ConnectTo = name
Specifies which other tinc daemon to connect to on startup. Multiple ConnectTo variables may be specified, in which case outgoing connections to each specified tinc daemon are made. The names should be known to this tinc daemon (i.e., there should be a host configuration file for the name on the ConnectTo line).
If you don’t specify a host with ConnectTo, tinc won’t try to connect to other daemons at all, and will instead just listen for incoming connections.
Device = device (
/dev/tap0, /dev/net/tun or other depending on platform)
The virtual network device to use. tinc will automatically detect what kind of device it is. Note that you can only use one device per daemon. Under Windows, use Interface instead of Device. The info pages of the tinc package contain more information about configuring the virtual network device.
Hostnames = yes | no (no)
This option selects whether IP addresses (both real and on the VPN) should be resolved. Since DNS lookups are blocking, it might affect tinc’s efficiency, even stopping the daemon for a few seconds every time it does a lookup if your DNS server is not responding.
This does not affect resolving hostnames to IP addresses from the host configuration files.
Interface = interface
Defines the name of the interface corresponding to the virtual network device. Depending on the operating system and the type of device this may or may not actually set the name of the interface. Under Windows, this variable is used to select which network interface will be used. If you specified a Device, this variable is almost always already correctly set.
KeyExpire = seconds (3600)
This option controls the period the encryption keys used to encrypt the data are valid. It is common practice to change keys at regular intervals to make it even harder for crackers, even though it is thought to be nearly impossible to crack a single key.
MACExpire = seconds (600)
This option controls the amount of time MAC addresses are kept before they are removed. This only has effect when Mode is set to "switch".
MaxTimeout = seconds (900)
This is the maximum delay before trying to reconnect to other tinc daemons.
Mode = router | switch | hub (router)
This option selects the way packets are routed to other daemons.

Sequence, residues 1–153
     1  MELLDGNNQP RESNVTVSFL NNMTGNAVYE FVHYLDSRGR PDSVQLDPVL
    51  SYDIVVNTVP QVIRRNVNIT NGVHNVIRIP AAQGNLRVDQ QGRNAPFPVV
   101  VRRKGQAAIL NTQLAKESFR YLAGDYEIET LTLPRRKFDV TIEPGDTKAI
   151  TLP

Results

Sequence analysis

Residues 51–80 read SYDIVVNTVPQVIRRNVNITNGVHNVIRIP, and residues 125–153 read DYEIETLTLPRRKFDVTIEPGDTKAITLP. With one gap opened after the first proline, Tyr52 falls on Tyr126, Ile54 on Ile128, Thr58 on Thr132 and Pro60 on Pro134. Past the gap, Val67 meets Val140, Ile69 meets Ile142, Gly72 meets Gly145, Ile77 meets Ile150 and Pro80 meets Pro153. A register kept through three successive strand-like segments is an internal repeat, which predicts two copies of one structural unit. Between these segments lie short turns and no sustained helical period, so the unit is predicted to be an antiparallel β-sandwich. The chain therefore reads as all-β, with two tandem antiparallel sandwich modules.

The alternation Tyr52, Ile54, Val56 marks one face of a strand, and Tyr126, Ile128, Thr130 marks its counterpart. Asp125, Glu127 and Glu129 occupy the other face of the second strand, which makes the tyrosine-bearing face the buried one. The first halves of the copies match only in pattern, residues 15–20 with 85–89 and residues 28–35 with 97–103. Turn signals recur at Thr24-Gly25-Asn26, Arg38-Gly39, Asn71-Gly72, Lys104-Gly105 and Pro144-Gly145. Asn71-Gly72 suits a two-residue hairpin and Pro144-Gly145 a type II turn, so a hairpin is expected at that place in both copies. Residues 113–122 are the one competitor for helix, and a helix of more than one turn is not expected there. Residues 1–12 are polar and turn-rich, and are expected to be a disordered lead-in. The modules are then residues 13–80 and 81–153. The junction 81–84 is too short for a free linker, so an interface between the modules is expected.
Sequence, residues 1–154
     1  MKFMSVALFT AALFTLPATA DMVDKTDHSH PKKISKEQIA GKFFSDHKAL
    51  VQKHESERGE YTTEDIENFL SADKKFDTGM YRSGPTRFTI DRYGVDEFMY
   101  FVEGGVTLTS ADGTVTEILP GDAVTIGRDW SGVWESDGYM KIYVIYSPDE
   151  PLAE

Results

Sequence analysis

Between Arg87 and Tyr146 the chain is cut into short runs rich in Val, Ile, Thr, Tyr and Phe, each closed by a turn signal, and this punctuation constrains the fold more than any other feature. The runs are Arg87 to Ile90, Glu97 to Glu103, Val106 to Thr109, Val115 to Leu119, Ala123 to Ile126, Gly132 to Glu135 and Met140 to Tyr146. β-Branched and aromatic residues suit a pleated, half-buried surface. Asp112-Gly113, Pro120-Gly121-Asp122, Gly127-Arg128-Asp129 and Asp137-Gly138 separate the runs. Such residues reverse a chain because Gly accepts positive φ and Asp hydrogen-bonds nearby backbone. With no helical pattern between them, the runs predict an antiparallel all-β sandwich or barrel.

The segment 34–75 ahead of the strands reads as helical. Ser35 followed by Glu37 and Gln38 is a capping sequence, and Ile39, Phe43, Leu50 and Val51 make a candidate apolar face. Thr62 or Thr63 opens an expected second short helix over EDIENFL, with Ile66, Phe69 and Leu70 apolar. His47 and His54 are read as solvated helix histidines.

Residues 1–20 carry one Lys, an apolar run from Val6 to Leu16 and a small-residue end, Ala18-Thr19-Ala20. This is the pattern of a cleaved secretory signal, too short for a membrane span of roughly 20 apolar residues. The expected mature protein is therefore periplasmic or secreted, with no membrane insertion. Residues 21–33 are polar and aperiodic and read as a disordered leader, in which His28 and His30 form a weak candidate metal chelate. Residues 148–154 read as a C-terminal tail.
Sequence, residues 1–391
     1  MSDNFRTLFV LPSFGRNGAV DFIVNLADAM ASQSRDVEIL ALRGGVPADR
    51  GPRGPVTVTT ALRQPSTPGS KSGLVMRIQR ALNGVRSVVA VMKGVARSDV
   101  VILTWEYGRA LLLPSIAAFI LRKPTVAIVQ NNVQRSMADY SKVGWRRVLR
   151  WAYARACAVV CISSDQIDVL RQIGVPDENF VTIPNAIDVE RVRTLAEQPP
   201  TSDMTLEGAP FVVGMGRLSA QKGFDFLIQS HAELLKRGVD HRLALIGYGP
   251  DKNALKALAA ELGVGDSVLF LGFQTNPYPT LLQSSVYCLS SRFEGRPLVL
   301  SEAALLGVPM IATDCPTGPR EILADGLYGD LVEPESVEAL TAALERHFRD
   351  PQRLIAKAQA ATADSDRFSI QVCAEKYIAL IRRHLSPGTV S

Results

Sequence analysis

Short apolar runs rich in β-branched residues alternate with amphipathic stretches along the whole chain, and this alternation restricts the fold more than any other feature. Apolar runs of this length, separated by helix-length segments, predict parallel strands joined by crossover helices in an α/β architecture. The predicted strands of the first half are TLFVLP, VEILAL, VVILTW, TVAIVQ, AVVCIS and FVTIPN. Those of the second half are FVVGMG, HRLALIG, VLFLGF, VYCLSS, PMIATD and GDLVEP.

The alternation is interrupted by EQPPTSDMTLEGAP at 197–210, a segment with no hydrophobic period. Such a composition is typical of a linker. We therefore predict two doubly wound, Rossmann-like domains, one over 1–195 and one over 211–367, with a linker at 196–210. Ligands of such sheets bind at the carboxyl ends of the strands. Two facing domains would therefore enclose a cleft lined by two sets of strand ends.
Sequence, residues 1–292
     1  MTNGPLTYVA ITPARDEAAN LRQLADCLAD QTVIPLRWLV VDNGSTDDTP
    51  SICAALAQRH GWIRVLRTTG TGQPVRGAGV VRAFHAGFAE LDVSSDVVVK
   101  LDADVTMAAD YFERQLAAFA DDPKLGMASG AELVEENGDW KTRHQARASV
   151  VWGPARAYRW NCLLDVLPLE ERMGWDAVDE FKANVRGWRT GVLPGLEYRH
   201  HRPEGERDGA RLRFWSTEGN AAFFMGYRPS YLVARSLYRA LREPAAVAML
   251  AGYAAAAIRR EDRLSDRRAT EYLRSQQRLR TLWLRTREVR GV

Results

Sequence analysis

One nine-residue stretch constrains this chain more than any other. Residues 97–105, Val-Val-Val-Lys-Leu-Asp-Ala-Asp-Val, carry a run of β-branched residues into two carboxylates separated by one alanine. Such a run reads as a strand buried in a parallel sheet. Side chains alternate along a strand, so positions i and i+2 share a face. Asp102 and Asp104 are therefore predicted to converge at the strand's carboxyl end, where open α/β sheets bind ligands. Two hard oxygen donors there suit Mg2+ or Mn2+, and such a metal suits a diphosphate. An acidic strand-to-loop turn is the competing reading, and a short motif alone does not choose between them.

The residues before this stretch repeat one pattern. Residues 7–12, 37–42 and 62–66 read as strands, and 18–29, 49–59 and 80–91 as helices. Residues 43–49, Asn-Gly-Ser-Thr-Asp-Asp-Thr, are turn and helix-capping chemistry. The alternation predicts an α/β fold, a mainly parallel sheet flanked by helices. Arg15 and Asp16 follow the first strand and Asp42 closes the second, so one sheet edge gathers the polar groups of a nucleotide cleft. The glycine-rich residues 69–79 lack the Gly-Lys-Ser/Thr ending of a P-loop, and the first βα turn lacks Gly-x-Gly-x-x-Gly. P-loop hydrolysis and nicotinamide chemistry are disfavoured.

In this mode Subnet variables in the host configuration files will be used to form a routing table. Only unicast packets of routable protocols (IPv4 and IPv6) are supported in this mode.
This is the default mode, and unless you really know you need another mode, don’t change it.
In this mode the MAC addresses of the packets on the VPN will be used to dynamically create a routing table just like an Ethernet switch does. Unicast, multicast and broadcast packets of every protocol that runs over Ethernet are supported in this mode at the cost of frequent broadcast ARP requests and routing table updates.
This mode is primarily useful if you want to bridge Ethernet segments.
This mode is almost the same as the switch mode, but instead every packet will be broadcast to the other daemons while no routing table is managed.
Name = name [required]
This is the name which identifies this tinc daemon. It must be unique for the virtual private network this daemon will connect to.
PingTimeout = seconds (60)
The number of seconds of inactivity that tinc will wait before sending a probe to the other end. If that other end doesn’t answer within that same amount of time, the connection is terminated, and the others will be notified of this.
PriorityInheritance = yes
| no (
When this option is enabled the value of the TOS field of tunneled IPv4 packets will be inherited by the UDP packets that are sent out.
PrivateKey = key [obsolete]